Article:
CHANHASSEN, Minn. (KMSP) - Congressman Erik Paulsen met with voters in the Third Congressional District face-to-face in a town hall setting for the first time in years Wednesday.
"There’s a lot of people who would like to say something to him, share their opinions, ask questions," said a constituent outside the meeting in Hamel, Minnesota.
It’s been about six years since the congressman has hosted a town hall meeting, a decision he defends.
"I had a couple people a few weeks ago, saying ‘Don't do these type of town hall meetings because I don't feel like I can come and express my views,’ but I understand people want to be able to have this type of venue or format as well," said Rep. Paulsen. "You’ve got to make sure people have their voice and can express themselves without being obnoxious or rude to each other."
The congressman hosted three meetings throughout his district Wednesday with attendees picked at random after registering online.
"There are several thousand constituents in this district and Erik Paulsen has chosen to hold three small town halls in very small locations during the middle of the business day,” said Katie Simons of Eden Prairie. “I don’t call that accessible."
Paulsen points to his open office hours and the many telephone forums he has hosted. He claims those formats reach more people and are more productive than holding a typical town hall.
Since the 2016 elections, politicians, especially Republicans, have been criticized for avoiding town hall meetings.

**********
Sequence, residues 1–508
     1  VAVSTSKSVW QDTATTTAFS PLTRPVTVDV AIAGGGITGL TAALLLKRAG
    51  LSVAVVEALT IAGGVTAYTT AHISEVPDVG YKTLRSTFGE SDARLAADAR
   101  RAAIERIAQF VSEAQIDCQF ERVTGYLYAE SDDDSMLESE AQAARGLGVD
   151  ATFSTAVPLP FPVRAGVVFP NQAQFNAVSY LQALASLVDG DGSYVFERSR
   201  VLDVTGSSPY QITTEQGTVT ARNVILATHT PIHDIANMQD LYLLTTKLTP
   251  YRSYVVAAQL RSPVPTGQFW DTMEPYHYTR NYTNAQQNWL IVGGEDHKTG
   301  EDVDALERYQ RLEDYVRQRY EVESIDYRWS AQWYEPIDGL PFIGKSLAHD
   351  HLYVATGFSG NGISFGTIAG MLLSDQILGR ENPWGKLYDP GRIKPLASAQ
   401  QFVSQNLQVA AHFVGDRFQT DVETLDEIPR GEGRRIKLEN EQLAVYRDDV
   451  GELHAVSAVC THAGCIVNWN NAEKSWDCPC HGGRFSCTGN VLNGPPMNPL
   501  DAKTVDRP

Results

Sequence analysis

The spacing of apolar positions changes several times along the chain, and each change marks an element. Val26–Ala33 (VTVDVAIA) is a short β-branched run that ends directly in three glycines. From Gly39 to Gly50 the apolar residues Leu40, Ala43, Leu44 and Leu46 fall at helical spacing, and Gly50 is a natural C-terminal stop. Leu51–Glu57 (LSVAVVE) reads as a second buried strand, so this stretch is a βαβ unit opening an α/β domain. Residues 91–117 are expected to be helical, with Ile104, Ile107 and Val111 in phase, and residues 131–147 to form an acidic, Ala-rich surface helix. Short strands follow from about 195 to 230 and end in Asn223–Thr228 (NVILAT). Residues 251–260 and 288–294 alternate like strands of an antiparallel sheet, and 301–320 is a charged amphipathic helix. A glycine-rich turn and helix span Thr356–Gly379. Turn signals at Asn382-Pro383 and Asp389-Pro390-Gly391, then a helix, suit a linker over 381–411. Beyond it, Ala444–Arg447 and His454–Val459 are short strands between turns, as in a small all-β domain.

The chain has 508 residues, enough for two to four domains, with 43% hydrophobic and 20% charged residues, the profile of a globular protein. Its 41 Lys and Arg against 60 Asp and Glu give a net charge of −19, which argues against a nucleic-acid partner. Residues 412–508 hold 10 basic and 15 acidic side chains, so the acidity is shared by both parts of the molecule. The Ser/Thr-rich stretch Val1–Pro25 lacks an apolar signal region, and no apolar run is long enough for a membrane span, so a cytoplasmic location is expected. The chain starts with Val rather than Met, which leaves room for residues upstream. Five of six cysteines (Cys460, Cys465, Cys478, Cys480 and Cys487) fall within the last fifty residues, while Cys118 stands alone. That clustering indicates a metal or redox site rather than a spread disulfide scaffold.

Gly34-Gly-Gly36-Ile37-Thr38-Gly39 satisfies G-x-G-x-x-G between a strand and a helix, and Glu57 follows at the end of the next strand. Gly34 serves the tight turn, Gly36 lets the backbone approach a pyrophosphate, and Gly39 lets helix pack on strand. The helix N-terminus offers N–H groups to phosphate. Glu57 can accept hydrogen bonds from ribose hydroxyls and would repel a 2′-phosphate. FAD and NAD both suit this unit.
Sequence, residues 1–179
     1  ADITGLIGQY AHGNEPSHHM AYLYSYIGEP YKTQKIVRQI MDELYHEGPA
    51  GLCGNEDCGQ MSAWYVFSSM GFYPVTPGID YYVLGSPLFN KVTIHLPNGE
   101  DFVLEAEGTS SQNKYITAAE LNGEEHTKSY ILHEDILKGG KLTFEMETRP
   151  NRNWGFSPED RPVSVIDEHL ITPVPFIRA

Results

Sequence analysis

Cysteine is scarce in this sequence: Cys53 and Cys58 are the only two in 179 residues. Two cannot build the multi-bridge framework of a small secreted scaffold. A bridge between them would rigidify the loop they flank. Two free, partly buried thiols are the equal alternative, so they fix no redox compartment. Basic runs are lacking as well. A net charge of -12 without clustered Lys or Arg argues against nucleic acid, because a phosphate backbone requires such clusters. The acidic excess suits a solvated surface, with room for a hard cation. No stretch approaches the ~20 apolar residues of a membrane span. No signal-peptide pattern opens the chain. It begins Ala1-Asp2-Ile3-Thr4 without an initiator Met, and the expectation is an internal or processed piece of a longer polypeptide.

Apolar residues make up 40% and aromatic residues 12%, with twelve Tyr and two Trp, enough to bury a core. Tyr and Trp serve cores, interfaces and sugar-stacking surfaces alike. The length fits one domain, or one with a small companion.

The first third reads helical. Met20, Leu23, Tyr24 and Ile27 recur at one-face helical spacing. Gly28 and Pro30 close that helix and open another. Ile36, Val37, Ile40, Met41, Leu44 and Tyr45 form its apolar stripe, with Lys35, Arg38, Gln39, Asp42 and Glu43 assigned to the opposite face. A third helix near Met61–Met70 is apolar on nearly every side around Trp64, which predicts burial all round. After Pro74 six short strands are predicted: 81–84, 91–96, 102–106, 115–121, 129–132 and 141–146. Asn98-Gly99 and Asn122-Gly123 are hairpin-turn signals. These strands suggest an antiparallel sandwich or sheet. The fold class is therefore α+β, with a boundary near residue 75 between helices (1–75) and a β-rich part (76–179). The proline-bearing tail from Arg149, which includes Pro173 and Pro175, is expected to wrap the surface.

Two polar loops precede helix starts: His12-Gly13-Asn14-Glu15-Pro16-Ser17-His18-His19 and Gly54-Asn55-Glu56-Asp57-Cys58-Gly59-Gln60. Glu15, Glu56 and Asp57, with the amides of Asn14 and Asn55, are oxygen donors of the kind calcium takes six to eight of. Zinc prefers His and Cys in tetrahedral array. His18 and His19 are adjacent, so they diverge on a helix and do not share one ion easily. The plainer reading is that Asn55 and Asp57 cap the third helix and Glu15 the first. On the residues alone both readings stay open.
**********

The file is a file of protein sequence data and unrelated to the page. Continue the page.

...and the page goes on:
"As we've seen around the country people come in who don't live in your district and they shout each other down,” said Rep. Paulsen. “Thankfully, here in Minnesota, we still have the civil component which we want to maintain."
Despite tensions outside the meeting locations, inside the discussion was relatively civil. The most frequent questions focused on gun control, as constituents pressed Paulsen on Congress’ lack of action.
Rep. Paulsen has gone longer without holding a town hall than any other Minnesota representative. Fox 9 checked around and found there are several representatives who don't have any planned this year.
Rep. Jason Lewis recently hosted his first town hall meeting since being elected in 2016.
Rep. Collin Peterson has not held a town hall this year. His last town hall was in April 2017 in Moorhead, MN. He has no upcoming public forums scheduled, but his staff says he meets with constituents often.
Rep. Keith Ellison holds community meetings frequently. These town halls often have a theme, like his most recent one earlier this month which was about how government works.
Rep. Rick Nolan doesn’t have any town halls planned for this year. His last community forum was in October 2017.
Rep. Tim Walz has held five town halls this legislative calendar year.
Rep. Betty McCollum doesn’t have any town halls scheduled later this year. Her last one was in February 2018.
A spokesperson from Rep. Tom Emmer’s office did not respond to our request for comment.